- Shear strength criteria for rock, rock joints, rockfill and rock masses: Problems and some solutions
- N. Barton
- Book Title / Journal: Journal of Rock Mechanics and Geotechnical Engineering
- Year: 2013 , Volume: 5
- Rock Mechanics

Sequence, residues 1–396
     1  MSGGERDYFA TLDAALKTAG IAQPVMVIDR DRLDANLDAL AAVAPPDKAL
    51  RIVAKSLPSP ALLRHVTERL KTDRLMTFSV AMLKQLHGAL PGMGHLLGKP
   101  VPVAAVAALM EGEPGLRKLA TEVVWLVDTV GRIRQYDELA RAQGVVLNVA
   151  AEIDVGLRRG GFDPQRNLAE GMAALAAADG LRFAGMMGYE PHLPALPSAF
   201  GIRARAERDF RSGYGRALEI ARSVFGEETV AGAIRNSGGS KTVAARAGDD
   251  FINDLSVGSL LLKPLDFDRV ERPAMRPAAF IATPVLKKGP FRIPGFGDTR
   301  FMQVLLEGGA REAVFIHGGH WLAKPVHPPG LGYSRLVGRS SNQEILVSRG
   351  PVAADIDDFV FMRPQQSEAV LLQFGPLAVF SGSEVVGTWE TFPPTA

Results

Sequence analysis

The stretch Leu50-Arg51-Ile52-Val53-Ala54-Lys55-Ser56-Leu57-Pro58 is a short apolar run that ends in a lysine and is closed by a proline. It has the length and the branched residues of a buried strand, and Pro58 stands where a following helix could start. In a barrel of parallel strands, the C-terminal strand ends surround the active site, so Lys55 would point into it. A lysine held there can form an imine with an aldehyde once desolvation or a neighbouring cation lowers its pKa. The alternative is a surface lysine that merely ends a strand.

- Although many intact rock types can be very strong, a critical confining pressure can eventually be reached in triaxial testing, such that the Mohr shear strength envelope becomes horizontal. This critical state has recently been better defined, and correct curvature or correct deviation from linear Mohr–Coulomb (M-C) has finally been found. Standard shear testing procedures for rock joints, using multiple testing of the same sample, in case of insufficient samples, can be shown to exaggerate apparent cohesion. Even rough joints do not have any cohesion, but instead have very high friction angles at low stress, due to strong dilation. Rock masses, implying problems of large-scale interaction with engineering structures, may have both cohesive and frictional strength components. However, it is not correct to add these, following linear M-C or nonlinear Hoek–Brown (H-B) standard routines. Cohesion is broken at small strain, while friction is mobilized at larger strain and remains to the end of the shear deformation. The criterion ‘c then σntan φ’ should replace ‘c plus σntan φ’ for improved fit to reality. Transformation of principal stresses to a shear plane seems to ignore mobilized dilation, and caused great experimental difficulties until understood. There seems to be plenty of room for continued research, so that errors of judgement of the last 50 years can be corrected.